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Car Shopping - Consider a Nearly New Vehicle

Whether they’re buying plane tickets or antiques or DVDs, the Internet has made it possible for lots of Americans to become savvy bargain shoppers. But have you ever bought a used car online? Believe it or not, the online used car marketplace has exploded in recent years. Now you can research vehicles, locate exactly the car you want for the price you want to pay, and even make the purchase, all online.

But how do you know whether you’re getting a peach or a lemon? Buying a nearly new vehicle is a lot easier than it used to be. Every year more than 40 million used cars change hands in the United States, and there are lots of good reasons to consider the option.

“A two- to four-year-old car today can offer customers much of the comfort, performance, styling and reliability of a new model, and it sells for 30 to 60 percent less than a new vehicle,” says John Davis, executive producer and host of MotorWeek, the critically acclaimed PBS weekly automotive magazine series.

According to Davis, cars are better built these days, and the styling is changed less often and less radically than it used to be, so a three-year-old car looks and drives a lot like a new one.

There is also less risk involved now. New car warranties have been lengthened and coverage is at least three years (36,000 miles) for all vehicles, and for premium cars it can be twice as long. There is usually rust and corrosion protection that lasts even longer and roadside assistance coverage as well.

Dealers now offer another level of protection for the consumer in the form of certified used vehicles. These are nearly new cars that meet specific qualifying standards, have been carefully inspected and serviced, and are backed by extra warranties. Consumers can also have potential purchases inspected and certified by independent firms, and they can even purchase additional, after-market warranties.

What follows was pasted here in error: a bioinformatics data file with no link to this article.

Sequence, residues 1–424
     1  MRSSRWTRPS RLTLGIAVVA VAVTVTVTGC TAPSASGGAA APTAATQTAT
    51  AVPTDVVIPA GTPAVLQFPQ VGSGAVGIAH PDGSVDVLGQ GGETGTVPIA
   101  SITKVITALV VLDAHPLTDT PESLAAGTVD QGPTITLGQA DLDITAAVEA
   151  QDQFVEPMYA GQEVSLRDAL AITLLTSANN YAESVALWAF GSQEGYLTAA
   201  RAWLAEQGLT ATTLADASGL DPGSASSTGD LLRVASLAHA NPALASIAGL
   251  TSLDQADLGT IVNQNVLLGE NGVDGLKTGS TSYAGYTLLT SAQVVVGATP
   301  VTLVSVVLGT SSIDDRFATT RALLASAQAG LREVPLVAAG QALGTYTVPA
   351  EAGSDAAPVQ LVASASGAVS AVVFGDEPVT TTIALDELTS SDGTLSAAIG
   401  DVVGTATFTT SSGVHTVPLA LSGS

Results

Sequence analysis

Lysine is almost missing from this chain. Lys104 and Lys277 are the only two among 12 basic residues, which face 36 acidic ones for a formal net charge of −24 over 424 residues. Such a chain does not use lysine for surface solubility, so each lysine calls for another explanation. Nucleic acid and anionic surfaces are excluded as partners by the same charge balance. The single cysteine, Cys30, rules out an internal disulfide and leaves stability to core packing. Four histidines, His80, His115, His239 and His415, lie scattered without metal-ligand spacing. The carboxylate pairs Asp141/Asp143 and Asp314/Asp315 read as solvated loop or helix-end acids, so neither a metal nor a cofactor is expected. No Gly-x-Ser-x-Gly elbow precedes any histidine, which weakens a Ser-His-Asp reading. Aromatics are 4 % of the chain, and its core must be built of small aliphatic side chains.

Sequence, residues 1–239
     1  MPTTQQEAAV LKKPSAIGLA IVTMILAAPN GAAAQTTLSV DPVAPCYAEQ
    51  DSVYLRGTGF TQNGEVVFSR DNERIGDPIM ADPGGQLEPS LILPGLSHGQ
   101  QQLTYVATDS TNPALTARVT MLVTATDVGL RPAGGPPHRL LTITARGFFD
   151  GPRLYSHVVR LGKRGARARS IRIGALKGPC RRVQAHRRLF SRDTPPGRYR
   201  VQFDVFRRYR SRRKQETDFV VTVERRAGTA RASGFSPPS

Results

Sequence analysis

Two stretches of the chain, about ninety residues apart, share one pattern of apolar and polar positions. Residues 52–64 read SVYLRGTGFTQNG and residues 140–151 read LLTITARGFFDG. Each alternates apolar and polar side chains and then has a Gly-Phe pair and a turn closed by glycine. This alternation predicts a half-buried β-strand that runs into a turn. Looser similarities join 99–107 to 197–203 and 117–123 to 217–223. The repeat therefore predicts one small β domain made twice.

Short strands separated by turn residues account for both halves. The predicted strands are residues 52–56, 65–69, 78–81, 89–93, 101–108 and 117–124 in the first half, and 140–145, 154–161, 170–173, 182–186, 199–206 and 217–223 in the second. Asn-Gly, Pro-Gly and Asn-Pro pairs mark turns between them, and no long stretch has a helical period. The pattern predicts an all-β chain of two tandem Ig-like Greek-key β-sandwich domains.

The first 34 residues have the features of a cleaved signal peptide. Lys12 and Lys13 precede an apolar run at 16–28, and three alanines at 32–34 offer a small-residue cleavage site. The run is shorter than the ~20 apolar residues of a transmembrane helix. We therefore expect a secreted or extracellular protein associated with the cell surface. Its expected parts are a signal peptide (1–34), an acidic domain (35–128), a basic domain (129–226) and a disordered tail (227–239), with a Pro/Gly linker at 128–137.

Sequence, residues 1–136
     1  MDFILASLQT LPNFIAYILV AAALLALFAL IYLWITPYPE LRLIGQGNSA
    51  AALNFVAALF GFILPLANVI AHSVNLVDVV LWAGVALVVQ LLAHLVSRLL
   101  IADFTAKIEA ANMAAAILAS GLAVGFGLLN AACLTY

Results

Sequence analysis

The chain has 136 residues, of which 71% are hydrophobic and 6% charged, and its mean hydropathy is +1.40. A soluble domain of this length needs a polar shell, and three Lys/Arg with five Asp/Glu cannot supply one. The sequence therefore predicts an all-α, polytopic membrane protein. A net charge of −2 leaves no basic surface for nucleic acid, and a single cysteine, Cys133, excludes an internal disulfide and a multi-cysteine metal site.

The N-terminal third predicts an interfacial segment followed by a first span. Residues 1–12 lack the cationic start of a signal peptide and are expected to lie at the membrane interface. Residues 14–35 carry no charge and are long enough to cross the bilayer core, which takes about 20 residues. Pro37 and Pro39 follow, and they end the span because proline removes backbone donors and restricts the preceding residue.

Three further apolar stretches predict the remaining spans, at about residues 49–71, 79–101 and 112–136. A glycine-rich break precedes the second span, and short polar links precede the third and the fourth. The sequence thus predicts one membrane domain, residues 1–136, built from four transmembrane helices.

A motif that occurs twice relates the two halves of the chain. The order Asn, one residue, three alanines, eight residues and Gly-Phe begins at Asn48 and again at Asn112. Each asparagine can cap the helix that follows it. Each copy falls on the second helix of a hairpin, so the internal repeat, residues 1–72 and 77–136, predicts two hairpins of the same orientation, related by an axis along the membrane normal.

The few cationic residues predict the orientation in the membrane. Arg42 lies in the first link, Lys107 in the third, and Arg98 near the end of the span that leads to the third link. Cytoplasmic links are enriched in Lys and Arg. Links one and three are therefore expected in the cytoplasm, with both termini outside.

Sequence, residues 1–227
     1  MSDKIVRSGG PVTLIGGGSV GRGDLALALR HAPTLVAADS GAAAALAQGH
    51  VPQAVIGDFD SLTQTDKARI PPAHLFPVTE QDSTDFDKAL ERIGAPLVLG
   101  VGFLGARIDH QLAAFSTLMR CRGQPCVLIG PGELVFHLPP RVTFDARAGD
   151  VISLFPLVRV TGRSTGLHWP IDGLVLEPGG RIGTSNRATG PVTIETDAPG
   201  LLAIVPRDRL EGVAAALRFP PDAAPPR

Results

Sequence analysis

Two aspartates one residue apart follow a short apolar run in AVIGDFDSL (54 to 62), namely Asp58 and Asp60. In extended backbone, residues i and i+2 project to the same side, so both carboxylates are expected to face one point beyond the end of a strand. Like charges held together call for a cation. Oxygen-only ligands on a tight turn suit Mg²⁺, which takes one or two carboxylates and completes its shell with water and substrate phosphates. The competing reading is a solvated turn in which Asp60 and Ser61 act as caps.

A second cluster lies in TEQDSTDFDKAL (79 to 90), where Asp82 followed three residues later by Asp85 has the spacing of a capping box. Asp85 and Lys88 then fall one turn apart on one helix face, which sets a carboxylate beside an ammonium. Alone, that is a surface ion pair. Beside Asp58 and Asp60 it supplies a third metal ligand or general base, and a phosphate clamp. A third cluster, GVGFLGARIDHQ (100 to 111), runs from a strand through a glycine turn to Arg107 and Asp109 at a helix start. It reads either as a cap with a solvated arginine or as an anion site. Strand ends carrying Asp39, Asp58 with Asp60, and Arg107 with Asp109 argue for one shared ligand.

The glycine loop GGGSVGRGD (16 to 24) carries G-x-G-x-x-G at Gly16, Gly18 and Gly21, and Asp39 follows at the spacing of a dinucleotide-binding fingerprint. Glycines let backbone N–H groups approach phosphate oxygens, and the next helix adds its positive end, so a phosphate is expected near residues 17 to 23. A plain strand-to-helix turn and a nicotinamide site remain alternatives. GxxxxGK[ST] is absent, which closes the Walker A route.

Perhaps the biggest change has been how consumers shop for cars. Instead of just relying on the want ads or local dealers, people can browse large online auctions where they have access to cars from all over the country. “You can always find the car you want on the Web,” says Davis. “You have the entire country to choose from. If a buyer in the Northeast wants a car that doesn’t have any winter damage, he can search for one from the South,” he adds.

One of the largest used car marketplaces, eBay Motors sells more cars before lunch than the average dealership sells in a year. Consumers have easy access to an amazing array of vehicles from all over the country, and they can buy and sell in a completely secure environment. The whole buying process, even arranging for financing, can be done through the site.

But should you actually buy a car you haven't even seen? Davis cautions shoppers to remember the familiar “buyer beware” warning. eBay Motors offers a mobile inspection service, which sends certified experts anywhere in the country for a nominal fee to check out a vehicle before you buy it. There are also cars available that have already been certified by a dealer.

Another precaution every buyer should take: always check the title. Carfax, Inc., an independent company that offers consumers detailed vehicle history information for a small fee, can generate a report instantly for any used vehicle in the 50 states. This is a good way to check on whether a car has had multiple owners or has been totaled by an insurance company, indicating that it has been damaged and later repaired.

Most importantly, do your research before you buy. MotorWeek's Web site (www.pbs.org/motorweek) offers an archive of road tests and written reviews of vehicles that go back for five years, inspection tips, and other information for consumers.

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Car Shopping - Consider a Nearly New Vehicle

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